The U.S. Centers for Disease Control and Prevention recently updated its guidelines for vaccinated people, but what they should or shouldn’t do at this point in the pandemic remains tricky with virus variants becoming dominant spreaders in the United States and the impact of “vaccine breakthrough” infections. 

Kimi Watkins-Tartt, director of Alameda County’s public health department, says everyone isn’t vaccinated just yet, so people need to be reminded to wear their masks and maintain social distancing from people they don’t live with. 

“We still need to protect ourselves and others and do all the things we’ve been doing this whole year in the workplace and in other places we go,” Watkins-Tartt said during the most recent meeting of the Alameda County Community Advisory Group, or CAG. “We don’t know who has been vaccinated and who hasn’t, so we need to act like no one is, quite frankly.”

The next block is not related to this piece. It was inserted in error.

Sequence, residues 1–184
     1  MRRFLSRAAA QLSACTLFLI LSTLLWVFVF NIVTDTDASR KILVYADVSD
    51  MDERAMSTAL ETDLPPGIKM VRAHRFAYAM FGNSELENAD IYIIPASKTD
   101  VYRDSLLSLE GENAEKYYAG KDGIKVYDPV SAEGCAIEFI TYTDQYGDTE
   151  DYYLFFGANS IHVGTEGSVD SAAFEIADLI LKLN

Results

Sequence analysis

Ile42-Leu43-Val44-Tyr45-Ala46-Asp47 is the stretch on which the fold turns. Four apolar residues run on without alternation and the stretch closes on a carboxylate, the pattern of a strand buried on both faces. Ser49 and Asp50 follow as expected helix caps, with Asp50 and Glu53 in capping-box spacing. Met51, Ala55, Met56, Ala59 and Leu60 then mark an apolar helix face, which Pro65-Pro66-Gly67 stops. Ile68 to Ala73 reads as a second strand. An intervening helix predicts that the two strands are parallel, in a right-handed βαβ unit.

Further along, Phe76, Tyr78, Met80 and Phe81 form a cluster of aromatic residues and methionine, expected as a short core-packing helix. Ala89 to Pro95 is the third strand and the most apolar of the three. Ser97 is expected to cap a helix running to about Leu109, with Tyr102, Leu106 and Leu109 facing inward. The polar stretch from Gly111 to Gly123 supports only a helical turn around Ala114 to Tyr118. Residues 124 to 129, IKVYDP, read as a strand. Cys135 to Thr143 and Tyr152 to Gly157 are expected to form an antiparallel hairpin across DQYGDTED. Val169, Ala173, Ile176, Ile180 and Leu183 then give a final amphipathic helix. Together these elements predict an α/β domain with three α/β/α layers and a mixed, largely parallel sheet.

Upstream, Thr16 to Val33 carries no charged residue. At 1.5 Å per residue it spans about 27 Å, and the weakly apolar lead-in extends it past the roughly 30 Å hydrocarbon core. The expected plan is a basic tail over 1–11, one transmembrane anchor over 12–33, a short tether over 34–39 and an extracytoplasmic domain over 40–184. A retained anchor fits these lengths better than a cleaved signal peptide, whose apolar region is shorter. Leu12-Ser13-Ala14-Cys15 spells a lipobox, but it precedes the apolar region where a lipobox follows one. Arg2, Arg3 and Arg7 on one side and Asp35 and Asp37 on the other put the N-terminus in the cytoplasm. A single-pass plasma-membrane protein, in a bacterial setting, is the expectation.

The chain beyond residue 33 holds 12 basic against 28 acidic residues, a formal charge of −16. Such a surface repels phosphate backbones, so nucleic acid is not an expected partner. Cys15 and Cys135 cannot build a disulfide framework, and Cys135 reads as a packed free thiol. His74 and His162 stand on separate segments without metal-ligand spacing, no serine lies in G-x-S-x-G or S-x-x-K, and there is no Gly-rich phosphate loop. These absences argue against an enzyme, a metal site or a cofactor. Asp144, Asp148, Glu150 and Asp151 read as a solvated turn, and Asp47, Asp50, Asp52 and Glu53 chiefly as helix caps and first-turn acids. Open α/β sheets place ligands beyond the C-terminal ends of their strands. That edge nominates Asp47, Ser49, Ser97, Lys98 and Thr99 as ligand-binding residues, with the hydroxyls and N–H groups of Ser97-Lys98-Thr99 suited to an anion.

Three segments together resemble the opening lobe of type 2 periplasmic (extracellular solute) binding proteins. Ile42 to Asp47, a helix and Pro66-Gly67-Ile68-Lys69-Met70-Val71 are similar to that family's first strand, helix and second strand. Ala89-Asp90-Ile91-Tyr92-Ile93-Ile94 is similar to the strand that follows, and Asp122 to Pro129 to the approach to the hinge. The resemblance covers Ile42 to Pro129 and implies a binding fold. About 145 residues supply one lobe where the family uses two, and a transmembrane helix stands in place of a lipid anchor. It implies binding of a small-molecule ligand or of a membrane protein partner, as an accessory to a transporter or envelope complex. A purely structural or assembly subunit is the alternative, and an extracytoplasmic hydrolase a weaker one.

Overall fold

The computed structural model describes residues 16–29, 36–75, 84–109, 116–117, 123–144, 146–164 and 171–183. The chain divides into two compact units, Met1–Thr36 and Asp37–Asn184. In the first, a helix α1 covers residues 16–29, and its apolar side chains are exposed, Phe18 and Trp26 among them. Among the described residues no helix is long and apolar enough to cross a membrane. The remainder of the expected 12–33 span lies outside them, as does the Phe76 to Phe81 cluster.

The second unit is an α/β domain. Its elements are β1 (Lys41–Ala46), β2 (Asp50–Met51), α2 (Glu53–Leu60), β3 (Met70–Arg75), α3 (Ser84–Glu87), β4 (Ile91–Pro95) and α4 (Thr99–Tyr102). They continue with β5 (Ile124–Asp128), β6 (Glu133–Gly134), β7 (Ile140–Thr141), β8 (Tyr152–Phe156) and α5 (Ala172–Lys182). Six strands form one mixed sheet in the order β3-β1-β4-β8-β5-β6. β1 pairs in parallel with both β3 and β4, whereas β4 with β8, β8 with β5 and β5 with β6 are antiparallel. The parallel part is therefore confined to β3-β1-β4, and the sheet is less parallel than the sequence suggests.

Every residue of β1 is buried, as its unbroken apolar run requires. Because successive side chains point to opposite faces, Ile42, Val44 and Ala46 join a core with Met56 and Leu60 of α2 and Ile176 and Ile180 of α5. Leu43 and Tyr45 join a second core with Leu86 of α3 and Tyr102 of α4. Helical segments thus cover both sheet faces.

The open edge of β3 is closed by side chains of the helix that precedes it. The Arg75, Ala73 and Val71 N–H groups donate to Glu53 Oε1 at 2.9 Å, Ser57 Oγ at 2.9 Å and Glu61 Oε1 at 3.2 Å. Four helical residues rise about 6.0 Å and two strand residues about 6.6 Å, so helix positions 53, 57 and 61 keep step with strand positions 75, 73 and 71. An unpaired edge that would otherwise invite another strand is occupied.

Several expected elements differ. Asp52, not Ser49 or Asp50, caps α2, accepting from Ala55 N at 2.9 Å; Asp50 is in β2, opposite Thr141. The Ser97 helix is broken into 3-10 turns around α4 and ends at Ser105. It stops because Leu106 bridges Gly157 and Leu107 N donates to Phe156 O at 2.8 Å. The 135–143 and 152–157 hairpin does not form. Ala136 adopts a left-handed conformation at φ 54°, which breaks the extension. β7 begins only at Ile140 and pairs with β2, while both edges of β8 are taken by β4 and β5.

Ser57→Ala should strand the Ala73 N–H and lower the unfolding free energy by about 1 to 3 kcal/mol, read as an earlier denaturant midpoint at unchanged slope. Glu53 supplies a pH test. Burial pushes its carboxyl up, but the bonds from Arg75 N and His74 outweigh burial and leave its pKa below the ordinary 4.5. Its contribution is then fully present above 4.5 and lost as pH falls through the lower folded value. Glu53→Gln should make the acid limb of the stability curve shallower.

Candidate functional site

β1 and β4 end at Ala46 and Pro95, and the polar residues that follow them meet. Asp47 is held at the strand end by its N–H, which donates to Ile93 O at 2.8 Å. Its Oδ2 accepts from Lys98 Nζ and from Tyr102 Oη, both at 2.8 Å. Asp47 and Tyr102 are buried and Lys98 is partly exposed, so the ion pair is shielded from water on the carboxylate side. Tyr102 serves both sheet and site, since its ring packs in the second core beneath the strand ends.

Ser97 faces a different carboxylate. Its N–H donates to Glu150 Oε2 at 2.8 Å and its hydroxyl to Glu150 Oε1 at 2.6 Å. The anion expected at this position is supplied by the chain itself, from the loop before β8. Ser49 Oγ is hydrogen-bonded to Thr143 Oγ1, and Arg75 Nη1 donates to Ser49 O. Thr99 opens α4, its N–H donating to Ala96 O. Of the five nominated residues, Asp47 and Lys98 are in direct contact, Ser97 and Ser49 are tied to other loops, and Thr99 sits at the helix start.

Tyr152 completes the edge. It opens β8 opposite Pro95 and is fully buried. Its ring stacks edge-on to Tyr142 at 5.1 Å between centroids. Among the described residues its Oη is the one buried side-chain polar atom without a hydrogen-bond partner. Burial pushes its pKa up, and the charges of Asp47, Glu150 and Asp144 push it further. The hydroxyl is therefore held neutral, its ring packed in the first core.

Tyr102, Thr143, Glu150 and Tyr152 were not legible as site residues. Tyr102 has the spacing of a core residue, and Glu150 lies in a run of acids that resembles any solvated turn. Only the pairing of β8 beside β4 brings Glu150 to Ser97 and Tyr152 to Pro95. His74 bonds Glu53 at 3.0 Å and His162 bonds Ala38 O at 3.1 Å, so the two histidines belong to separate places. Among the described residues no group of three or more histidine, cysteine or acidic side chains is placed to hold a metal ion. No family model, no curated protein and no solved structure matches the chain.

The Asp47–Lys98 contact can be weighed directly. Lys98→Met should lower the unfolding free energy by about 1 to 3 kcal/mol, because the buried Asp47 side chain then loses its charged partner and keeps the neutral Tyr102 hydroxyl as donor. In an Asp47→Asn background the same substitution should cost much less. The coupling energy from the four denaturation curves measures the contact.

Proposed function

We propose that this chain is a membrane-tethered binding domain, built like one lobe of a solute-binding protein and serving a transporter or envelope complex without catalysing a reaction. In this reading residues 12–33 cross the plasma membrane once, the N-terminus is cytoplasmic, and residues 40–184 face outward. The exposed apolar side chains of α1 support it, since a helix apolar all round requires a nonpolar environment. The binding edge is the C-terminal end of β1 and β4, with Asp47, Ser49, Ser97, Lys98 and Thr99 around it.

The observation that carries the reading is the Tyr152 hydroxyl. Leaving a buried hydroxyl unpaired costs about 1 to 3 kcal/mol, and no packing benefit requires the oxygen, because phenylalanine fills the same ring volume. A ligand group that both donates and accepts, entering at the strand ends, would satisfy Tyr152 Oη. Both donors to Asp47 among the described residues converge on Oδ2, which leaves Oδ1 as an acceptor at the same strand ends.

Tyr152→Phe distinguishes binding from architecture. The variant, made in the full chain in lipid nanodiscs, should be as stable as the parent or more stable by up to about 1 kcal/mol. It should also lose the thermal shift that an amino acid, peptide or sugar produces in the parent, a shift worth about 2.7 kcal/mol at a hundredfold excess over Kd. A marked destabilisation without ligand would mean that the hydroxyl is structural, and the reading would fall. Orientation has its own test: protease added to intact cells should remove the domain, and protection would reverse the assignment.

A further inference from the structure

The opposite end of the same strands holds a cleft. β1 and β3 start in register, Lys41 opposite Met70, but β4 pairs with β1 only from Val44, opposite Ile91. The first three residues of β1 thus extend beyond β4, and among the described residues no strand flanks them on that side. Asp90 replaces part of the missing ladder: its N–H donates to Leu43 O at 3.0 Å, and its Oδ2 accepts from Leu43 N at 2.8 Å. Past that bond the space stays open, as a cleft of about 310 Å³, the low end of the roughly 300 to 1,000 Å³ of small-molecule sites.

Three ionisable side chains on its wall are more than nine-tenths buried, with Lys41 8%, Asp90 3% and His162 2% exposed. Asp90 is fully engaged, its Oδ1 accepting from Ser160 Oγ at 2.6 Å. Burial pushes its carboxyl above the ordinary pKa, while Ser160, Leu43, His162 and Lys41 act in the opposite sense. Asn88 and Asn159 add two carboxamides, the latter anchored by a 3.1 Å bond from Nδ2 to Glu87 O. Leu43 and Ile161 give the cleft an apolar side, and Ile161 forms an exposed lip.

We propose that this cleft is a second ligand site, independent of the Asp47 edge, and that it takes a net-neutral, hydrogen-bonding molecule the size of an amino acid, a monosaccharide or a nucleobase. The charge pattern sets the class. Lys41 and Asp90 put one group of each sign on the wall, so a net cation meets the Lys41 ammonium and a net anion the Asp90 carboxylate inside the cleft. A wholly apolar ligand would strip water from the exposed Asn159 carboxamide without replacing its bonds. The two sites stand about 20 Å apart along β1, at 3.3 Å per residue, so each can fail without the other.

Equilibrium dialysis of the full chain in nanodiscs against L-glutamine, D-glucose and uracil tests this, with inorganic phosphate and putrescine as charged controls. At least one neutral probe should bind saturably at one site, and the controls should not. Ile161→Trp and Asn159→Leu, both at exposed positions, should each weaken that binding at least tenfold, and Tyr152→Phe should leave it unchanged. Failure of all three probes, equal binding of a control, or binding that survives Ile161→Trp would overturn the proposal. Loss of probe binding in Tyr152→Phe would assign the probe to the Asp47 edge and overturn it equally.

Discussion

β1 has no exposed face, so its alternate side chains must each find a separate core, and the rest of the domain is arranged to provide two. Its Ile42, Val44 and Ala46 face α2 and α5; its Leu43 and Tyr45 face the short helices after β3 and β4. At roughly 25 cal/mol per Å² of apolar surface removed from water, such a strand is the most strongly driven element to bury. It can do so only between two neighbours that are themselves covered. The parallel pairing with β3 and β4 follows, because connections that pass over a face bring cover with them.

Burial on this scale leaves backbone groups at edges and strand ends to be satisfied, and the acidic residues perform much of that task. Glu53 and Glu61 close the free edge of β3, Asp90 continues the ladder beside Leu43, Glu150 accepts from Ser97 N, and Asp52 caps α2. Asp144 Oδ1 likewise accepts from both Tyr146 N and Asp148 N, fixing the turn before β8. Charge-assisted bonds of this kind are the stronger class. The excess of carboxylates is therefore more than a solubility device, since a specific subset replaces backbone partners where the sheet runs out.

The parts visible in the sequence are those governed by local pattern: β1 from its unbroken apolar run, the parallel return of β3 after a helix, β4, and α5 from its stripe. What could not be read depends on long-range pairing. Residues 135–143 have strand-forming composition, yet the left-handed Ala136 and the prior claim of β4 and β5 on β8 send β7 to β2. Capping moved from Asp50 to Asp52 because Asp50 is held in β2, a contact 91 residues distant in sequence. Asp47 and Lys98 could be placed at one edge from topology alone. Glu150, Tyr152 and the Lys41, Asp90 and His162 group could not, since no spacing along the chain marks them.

What does ‘fully vaccinated’ mean?

For the Pfizer and Moderna shots, the CDC considers a person to be fully vaccinated two weeks after their second shot. 

Being fully vaccinated means people have a 90% smaller chance of developing a COVID-19 infection after significant exposure to the coronavirus, according to the CDC’s “real world” study of frontline medical workers who received either the Pfizer or Moderna shots. 

For those who received the Johnson & Johnson “one and done” vaccine before it was “paused” earlier this month, the company’s data shows there’s an immune response after 15 days, but protection reaches its full potential after 29 days. But the CDC says full immunity is reached after two weeks.

That’s the amount of time the shots were tested before the U.S. Food and Drug Administration gave them its Emergency Use Authorization, or the federal government’s streamlined process to approve drugs and products in emergencies.

Since then, researchers in Israel and the United States published a study in the New England Journal of Medicine in February that suggested the Moderna and Pfizer vaccines have shown high effectiveness in preventing hospitalization, severe illness, and death.